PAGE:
Should allergy medications such as intranasal steroids and oral antihistamines be used to treat isolated otitis media with effusion (OME)? The answer is a resounding no, according to a review of previously collected data published in October’s Current Allergy and Asthma Reports. Rachel E. Roditi, MD, of the Brigham and Women’s Hospital Division of Otolaryngology-Head and Neck Surgery is lead author of the paper.
Ambivalence around this question is the product of the controversial relationship between isolated OME and allergic rhinitis (AR). While various hypotheses have been posited to explain an OME/AR link, no definitive mechanism has yet been identified. Nevertheless, intranasal steroids and antihistamines are commonly used to treat isolated OME across a variety of practices—even though mild cases of OME and/or AR may resolve without any treatment.
“Clearly, there’s some sort of piece we’re missing as clinicians, and a better understanding is necessary,” said Dr. Roditi, who believes otolaryngologists should take the lead in educating patients and colleagues on this issue.
Dr. Roditi added that the effectiveness of intranasal steroids and antihistamines in treating OME in patients with concurrent nasal congestion and adenoid hypertrophy is not well understood and should be the focus of future studies. For now, she said, these medications could still be prescribed for patients with nasal symptoms, as they may improve those conditions despite having an unclear role in OME.
Ineffective, and Even Harmful
Dr. Roditi and her co-authors found an overwhelming amount of evidence demonstrating “that intranasal steroids are not effective in treating [isolated] OME” but have relatively minor side effects. The studies reviewed examined topical intranasal steroid in spray application, which tends to reach only the anterior nasal cavity.
The authors acknowledged that other forms of topical intranasal steroids that are now often used on an off-label basis and thought to reach deeper into the sinonasal cavity may support treatment of OME. They stated that future research on the efficacy of higher-volume steroid irrigators or alternative topical steroid delivery systems thus may be merited.
As for antihistamines, the data are clear: In addition to being ineffective in treating OME, these medications may prolong effusion duration and also have a higher side-effect profile than intranasal steroids.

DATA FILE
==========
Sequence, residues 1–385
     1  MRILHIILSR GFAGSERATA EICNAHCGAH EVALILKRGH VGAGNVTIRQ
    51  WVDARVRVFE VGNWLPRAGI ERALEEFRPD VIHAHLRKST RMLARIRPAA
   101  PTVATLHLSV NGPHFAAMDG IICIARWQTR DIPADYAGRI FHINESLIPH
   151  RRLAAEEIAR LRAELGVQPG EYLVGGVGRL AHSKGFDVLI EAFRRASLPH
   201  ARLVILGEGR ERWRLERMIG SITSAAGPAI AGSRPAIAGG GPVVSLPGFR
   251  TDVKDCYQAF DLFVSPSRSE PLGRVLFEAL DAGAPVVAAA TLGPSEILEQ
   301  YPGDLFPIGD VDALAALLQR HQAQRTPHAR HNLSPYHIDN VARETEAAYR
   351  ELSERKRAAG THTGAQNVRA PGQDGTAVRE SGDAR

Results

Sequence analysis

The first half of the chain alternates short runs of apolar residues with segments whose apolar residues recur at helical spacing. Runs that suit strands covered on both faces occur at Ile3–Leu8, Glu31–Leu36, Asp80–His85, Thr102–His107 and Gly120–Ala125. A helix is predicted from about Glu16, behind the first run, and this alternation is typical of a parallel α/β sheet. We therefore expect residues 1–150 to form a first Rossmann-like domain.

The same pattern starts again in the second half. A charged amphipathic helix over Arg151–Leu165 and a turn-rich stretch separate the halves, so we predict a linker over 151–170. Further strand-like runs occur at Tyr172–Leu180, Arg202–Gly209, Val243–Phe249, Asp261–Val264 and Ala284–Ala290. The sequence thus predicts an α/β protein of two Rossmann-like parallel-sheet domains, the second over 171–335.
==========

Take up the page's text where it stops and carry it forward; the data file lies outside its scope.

The use of intranasal steroids or antihistamines for isolated OME violates current clinical practice guidelines and creates avoidable costs for patients and the health care system as a whole. The scope of the problem is substantial: Dr. Roditi et al. cited a study that attributed $4 billion in annual direct costs to OME.
Good Adherence Among Otolaryngologists
Dr. Roditi commended otolaryngologists for adhering to clinical practice guidelines. However, data showed there was room for education and improvement when looking at non-otolaryngology practices.
“We found that patients who presented at an emergency room were prescribed an antihistamine or an antibiotic for OME at a higher rate. That’s a lot of antibiotics that shouldn’t be prescribed,” she said. “Outside of the emergency room setting, in non-otolaryngology outpatient practices, the rate of oral and intranasal steroid use was higher.”
Given their apparently strong awareness of the issue, what role can otolaryngologists play in reducing unnecessary prescriptions for OME? Dr. Roditi believes it starts with patient education.
“Patients who have had OME in the past may not see a doctor for treatment the next time they have symptoms,” she said. “Since many of the medications we’re talking about are now available over the counter, patients can self-prescribe and self-treat when they may not need to. That’s why conveying this information to them is so important.”
Educating other clinicians in different specialties is equally critical for otolaryngologists, Dr. Roditi added.
“This is a very common problem that affects a large number of patients,” she concluded. “Making the effort to educate your colleagues can have a real impact, as can being introspective and taking that extra moment to think about whether the treatment you’re recommending is the right treatment.”